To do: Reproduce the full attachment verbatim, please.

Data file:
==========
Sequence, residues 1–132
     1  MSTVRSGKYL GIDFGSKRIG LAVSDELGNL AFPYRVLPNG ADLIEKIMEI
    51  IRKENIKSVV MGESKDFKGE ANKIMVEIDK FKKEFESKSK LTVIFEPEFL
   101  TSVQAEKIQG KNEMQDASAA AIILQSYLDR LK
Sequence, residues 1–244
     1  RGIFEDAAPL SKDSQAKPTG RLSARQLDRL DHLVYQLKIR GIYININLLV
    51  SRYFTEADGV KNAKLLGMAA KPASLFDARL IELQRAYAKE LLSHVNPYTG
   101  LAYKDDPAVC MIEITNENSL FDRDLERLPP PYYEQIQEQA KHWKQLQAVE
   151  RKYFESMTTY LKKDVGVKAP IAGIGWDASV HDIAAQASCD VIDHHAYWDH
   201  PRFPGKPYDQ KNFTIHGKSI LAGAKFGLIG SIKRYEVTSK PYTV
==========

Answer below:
Sequence, residues 1–132
     1  MSTVRSGKYL GIDFGSKRIG LAVSDELGNL AFPYRVLPNG ADLIEKIMEI
    51  IRKENIKSVV MGESKDFKGE ANKIMVEIDK FKKEFESKSK LTVIFEPEFL
   101  TSVQAEKIQG KNEMQDASAA AIILQSYLDR LK
Sequence, residues 1–244
     1  RGIFEDAAPL SKDSQAKPTG RLSARQLDRL DHLVYQLKIR GIYININLLV
    51  SRYFTEADGV KNAKLLGMAA KPASLFDARL IELQRAYAKE LLSHVNPYTG
   101  LAYKDDPAVC MIEITNENSL FDRDLERLPP PYYEQIQEQA KHWKQLQAVE
   151  RKYFESMTTY LKKDVGVKAP IAGIGWDASV HDIAAQASCD VIDHHAYWDH
   201  PRFPGKPYDQ KNFTIHGKSI LAGAKFGLIG SIKRYEVTSK PYTV